# [EM] Request for method with certain properties

Kristofer Munsterhjelm km_elmet at t-online.de
Thu Feb 9 01:37:16 PST 2017

I'm fiddling around with an old idea of mine: that multiwinner methods
that are Droop proportional can't be summable in data whose bit count is
a polynomial in n and log(V) - the number of candidates and the
logarithm of the number of voters, respectively - and be able to return
a Droop-proportional outcome for any number of winners/seats with the
same data.

I have found out that one can make a Droop proportional method that's
summable with a bit count proportional to n and V (not log V) in this
manner; maybe I'll write about that later. But I haven't found a general
impossibility result yet for log(V), as it seems to be very hard.

I've reduced one strategy down to that if there exists a method that
fulfils the following properties, then that strategy can't work:

- It can produce an one-seat or two-seat outcome using the same
data/summary chunk derived from the actual ballots.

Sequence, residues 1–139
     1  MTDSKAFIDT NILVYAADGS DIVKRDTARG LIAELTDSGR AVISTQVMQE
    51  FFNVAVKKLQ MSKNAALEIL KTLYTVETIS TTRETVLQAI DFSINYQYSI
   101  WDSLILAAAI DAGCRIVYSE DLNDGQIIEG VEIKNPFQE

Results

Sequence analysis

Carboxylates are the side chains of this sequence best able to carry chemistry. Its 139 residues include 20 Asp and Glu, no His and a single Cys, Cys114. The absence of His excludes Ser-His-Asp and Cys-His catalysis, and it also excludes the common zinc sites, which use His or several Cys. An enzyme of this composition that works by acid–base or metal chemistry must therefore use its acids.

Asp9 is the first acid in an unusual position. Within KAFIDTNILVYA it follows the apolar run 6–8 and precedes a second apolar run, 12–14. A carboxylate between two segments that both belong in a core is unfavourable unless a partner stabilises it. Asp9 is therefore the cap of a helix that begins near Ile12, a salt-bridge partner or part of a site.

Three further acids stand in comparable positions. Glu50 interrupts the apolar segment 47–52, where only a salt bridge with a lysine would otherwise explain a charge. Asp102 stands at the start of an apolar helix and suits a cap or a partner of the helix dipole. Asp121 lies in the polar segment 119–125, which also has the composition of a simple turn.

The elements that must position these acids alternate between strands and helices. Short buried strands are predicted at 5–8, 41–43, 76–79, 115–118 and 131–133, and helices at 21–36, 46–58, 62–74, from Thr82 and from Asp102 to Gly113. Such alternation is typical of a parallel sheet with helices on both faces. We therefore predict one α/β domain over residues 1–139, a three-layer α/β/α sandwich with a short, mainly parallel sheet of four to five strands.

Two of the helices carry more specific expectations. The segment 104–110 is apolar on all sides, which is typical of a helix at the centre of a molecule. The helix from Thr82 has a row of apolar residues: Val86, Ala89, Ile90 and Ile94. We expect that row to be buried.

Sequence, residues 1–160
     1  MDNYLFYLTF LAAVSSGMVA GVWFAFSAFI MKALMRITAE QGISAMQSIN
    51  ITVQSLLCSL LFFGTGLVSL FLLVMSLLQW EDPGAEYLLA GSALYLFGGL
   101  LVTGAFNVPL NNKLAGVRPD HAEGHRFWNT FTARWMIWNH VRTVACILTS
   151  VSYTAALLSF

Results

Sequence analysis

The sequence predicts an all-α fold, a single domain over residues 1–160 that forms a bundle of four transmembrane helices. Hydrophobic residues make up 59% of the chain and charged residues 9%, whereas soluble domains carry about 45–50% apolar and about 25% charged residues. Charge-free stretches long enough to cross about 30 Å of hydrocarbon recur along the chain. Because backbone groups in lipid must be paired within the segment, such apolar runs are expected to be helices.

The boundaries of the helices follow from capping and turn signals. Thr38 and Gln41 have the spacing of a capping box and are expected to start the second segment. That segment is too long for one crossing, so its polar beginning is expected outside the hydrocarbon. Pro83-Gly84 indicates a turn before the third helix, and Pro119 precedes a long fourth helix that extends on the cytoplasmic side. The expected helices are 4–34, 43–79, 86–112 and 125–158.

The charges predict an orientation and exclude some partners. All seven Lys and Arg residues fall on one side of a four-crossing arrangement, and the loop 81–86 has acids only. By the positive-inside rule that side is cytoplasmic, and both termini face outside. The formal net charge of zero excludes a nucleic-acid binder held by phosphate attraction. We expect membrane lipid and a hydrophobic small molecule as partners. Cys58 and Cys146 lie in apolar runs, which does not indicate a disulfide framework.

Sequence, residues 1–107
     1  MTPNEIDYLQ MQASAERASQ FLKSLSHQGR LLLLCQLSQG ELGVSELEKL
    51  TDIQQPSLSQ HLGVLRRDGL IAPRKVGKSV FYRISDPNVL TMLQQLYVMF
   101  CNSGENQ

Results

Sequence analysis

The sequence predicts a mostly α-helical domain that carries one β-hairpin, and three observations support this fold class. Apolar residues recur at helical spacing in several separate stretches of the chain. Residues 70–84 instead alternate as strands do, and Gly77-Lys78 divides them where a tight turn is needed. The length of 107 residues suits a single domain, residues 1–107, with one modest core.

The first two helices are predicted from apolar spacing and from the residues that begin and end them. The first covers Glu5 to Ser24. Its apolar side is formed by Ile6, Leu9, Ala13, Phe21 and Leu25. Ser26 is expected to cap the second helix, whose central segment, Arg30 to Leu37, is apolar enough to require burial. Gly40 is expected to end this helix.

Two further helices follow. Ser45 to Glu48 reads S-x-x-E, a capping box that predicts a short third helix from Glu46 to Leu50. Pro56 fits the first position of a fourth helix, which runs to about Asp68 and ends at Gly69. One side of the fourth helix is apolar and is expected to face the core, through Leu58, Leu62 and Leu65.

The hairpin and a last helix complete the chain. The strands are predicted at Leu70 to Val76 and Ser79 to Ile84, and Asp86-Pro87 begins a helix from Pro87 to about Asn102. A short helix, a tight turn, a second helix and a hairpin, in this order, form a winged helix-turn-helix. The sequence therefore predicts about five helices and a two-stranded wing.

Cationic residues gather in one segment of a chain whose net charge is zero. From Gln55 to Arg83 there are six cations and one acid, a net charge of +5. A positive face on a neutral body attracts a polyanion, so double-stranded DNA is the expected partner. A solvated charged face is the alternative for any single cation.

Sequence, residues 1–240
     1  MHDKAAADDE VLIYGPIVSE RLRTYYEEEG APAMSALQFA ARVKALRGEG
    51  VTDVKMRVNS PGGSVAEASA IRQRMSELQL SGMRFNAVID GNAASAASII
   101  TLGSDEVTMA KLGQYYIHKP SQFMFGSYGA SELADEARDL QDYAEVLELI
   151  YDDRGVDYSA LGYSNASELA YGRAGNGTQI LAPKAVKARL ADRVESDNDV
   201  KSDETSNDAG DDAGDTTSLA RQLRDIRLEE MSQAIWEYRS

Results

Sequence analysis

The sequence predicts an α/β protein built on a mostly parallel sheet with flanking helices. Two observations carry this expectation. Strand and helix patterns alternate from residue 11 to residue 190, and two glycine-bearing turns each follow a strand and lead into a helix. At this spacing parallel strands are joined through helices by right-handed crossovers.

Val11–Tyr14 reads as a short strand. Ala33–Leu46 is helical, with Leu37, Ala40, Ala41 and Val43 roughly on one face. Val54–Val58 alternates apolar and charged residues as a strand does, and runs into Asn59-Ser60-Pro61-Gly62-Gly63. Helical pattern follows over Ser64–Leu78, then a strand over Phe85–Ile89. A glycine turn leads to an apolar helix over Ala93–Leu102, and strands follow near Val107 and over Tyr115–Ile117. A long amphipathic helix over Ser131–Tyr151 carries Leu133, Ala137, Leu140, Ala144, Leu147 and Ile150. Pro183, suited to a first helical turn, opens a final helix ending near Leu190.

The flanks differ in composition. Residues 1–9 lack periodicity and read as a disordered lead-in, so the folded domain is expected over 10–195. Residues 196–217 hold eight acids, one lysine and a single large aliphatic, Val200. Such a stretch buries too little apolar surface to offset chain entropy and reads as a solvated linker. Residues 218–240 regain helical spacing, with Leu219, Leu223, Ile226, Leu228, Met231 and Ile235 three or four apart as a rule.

- Two elections' data chunks can be combined to produce a data chunk for
the combined election set.
- The data may not necessarily be polynomial in anything.
- It is impossible to use the data chunk to determine the number of
first preference votes for the candidates, if the number of candidates
is three.
- The method is Droop-proportional.

Can anyone think of a method that has these properties?

For single-winner methods, I already have:

- The single-winner (one seat) analog of Droop proportionality is the
mutual majority criterion.
- There do exist methods that pass mutual majority, but yet it's
impossible to infer the candidates' first preference counts in the
general case. For instance, Schulze.
- But if there are only two candidates (i.e. the number of winners plus
one), then any Condorcet method (including those passing mutual
majority) will give up the first preference counts. A's count is just
A>B and B's count is just B>A.

So I'm wondering if this holds for three candidates: that if a method
passes the DPC, returns results for both one and two seats using the
same data, and the number of candidates is the max number of seats plus
one (here 2+1=3), then it's always possible to determine the number of
first preferences for all the candidates, no matter what the data is set
up to be.

If it does, then I'm onto something. If not, then I'd have to find
another strategy.